Fecal indicator bacteria (FIB) are used to assess the microbial water quality of recreational waters. Increasingly, nonfecal sources of FIB have been implicated as causes of poor microbial water quality in the coastal environment. These sources are challenging to quantify and difficult to remediate. The present study investigates one nonfecal FIB source, beach wrack (decaying aquatic plants), and its impacts on water quality along the Central California coast. The prevalence of FIB on wrack was studied using a multibeach survey, collecting wrack throughout Central California. The impacts of beach grooming, to remove wrack, were investigated at Cowell Beach in Santa Cruz, California using a long-term survey (two summers, one with and one without grooming) and a 48 h survey during the first ever intensive grooming event. FIB were prevalent on wrack but highly variable spatially and temporally along the nine beaches sampled in Central California. Beach grooming was generally associated with either no change or a slight increase in coastal FIB concentrations and increases in surf zone turbidity and silicate, phosphate, and dissolved inorganic nitrogen concentrations. The findings suggest that beach grooming for wrack removal is not justified as a microbial pollution remediation strategy. © 2014 American Chemical Society.

Russell T.L.,Environmental and Water Studies | Sassoubre L.M.,Environmental and Water Studies | Wang D.,Environmental and Water Studies | Masuda S.,Environmental and Water Studies | And 4 more authors.
Environmental Science and Technology | Year: 2013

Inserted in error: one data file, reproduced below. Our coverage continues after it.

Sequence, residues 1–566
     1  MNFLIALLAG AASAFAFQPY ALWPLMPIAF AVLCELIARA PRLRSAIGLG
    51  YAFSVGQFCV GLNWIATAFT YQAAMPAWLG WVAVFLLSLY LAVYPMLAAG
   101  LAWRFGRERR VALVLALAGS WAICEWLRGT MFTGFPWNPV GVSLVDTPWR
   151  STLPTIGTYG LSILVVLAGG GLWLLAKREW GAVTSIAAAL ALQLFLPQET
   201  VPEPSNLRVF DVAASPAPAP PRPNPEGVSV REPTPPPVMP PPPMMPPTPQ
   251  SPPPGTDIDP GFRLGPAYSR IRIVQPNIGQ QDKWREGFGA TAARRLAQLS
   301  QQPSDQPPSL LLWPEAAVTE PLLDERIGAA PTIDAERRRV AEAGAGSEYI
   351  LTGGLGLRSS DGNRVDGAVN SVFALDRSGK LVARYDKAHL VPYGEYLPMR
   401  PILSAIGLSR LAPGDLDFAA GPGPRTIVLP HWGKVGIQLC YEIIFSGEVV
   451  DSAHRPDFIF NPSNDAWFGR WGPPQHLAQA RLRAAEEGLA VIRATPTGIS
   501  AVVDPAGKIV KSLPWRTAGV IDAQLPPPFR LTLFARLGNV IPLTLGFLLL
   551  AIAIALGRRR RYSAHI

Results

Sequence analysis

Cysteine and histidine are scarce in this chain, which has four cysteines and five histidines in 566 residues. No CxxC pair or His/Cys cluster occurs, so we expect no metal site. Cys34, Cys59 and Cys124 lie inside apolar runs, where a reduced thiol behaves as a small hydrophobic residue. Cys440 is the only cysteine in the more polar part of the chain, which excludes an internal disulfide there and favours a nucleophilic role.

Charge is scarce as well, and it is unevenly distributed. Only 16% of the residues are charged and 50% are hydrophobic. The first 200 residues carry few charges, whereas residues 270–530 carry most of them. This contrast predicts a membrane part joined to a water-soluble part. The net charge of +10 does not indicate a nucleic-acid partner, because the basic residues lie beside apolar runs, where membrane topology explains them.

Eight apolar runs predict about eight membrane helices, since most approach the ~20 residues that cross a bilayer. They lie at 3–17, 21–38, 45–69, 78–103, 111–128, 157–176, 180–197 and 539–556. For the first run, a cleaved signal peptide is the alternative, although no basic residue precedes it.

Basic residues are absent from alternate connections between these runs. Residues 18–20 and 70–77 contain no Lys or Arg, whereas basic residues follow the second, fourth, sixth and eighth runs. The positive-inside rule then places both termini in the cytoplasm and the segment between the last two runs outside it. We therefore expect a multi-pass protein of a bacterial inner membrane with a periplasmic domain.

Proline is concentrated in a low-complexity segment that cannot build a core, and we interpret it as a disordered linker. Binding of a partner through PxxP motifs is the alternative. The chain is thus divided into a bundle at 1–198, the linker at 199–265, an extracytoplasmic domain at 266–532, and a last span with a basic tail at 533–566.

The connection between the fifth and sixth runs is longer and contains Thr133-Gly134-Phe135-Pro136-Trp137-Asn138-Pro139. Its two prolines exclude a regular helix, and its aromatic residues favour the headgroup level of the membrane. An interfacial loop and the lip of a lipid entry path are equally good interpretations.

Consistently high levels of bacterial indicators of fecal pollution rank Cowell Beach as the most polluted beach in California. High levels of fecal indicator bacteria (FIB), E. coli and enterococci, are measured throughout the summer, resulting in beach advisories with social and economic consequences. The source of FIB, however, is unknown. Speculations have been made that the wrack accumulating on the beach is a major source of FIB to the surf zone. The present study uses spatial and temporal sampling coupled with process-modeling to investigate potential FIB sources and the relative contributions of those sources. Temporal sampling showed consistently high FIB concentrations in the surf zone, sand, and wrack at Cowell Beach, and ruled out the storm drain, the river, the harbor, and the adjacent wharf as the sources of the high concentrations observed in the surf zone. Spatial sampling confirmed that the source of FIB to the beach is terrestrial rather than marine. Modeling results showed two dominant FIB sources to the surf zone: sand for enterococci and groundwater for E. coli. FIB from wrack represented a minor contribution to bacterial levels in the water. Molecular source tracking methods indicate the FIB at the beach is of human and bird origin. The microbial source tracking (MST) approach presented here provides a framework for future efforts. © 2013 American Chemical Society.